Certainly in California and Seattle, these foreign buyers are occupiers of the homes. These are suburban homes where they move their family to get an education, so the motivation is different than a speculative investor who is trying to put money in the United States.

Kenneth R. Zener - KeyBanc Capital Markets, Inc.

Okay. Then I guess, you guys, Doug you talked about having more owned lots. And I just, broadly speaking, what is the implication of having more owned lots longer-term – let's say to your profile. And I don't want to say risk profile, but relative to past cycles. Does that mean you're more motivated to increase turns to some extent? It sounds like it, because your gross margins obviously aren't reaching the high points they did in the past. So does that mean you by definition just have to turn harder? I know you guys were doing that with the Shapell assets, for example.

Douglas C. Yearley, Jr. - Chief Executive Officer and Director

Ken, I don't think it's going to motivate us to increase turns. We're always working hard to be a more efficient builder while giving our client that luxury experience with many upgrades. And that's of course always the balancing act. But remember, when we had many optioned lots, we had over 90,000 total lots. So today, we're in the mid-40,000 lots, and while a greater percentage of those are owned, when you compare it to the top of the role, back in 2005 of over 90,000 lots, the number of owned lots haven't changed that dramatically, the percentage has.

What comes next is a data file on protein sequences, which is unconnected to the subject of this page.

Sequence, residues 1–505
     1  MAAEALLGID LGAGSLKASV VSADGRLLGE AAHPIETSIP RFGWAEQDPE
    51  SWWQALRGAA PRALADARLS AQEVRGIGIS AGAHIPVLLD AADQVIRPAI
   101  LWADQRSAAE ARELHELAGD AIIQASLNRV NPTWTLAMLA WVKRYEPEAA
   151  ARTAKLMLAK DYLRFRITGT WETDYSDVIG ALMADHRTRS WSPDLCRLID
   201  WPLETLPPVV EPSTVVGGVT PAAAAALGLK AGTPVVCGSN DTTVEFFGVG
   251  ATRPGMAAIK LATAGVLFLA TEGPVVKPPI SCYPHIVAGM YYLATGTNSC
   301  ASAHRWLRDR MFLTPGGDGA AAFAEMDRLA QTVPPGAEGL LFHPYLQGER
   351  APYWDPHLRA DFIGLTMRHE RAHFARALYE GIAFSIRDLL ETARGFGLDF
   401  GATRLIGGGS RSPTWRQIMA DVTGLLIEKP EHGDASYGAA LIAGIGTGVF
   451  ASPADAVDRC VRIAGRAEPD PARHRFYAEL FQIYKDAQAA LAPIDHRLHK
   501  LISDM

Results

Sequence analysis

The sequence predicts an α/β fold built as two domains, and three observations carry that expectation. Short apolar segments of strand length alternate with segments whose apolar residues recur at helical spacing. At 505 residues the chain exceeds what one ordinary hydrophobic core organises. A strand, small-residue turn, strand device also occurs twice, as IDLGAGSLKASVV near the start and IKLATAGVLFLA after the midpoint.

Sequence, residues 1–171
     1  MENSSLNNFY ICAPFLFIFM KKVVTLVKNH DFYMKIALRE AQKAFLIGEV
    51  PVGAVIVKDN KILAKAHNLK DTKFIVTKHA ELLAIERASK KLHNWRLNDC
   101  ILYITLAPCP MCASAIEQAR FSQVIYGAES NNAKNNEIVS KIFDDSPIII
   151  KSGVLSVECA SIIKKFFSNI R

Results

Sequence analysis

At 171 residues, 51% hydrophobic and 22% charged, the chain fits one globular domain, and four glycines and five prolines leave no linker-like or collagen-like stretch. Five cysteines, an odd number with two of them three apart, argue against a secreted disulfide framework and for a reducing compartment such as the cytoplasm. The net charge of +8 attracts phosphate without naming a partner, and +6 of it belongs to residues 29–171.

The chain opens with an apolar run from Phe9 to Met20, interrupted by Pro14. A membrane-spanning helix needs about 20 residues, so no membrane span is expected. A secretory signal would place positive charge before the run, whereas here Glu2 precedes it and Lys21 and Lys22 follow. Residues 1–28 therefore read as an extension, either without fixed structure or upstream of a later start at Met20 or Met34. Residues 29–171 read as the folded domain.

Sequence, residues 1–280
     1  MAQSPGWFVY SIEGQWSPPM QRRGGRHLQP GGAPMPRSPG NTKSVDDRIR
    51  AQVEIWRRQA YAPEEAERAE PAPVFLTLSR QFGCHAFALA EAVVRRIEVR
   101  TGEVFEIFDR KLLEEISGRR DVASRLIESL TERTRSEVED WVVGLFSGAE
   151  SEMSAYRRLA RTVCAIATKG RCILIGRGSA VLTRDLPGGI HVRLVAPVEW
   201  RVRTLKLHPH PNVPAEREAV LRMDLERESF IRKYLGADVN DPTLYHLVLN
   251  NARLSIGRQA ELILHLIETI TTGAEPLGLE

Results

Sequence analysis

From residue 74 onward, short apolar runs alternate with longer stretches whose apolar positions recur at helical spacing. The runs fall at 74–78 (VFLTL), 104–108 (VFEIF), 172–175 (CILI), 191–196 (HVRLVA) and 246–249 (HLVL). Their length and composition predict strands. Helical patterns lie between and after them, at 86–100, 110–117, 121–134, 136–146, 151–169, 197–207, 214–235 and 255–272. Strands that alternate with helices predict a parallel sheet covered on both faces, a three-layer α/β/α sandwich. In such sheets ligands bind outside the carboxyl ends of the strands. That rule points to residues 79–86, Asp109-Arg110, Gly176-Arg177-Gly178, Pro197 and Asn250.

We are focused always on the corner of main and main. We are not buying land in B and C locations, and so if we see the right opportunity, at main and main, like Shapell, or like New York City, or like what we see in Seattle, and other markets, we must buy that land because the only way that seller works with us is if we write a check, we will step up and write that check. I am very comfortable with the quality of the land. As I said, we are focused more and more on optioning land, but when the right opportunity comes at the right location and we must buy it, we will.

Kenneth R. Zener - KeyBanc Capital Markets, Inc.

Thank you, gentlemen.

Operator

The next question is from Alex Barrón at Housing Research Center.

Alex Barrón - Housing Research Center LLC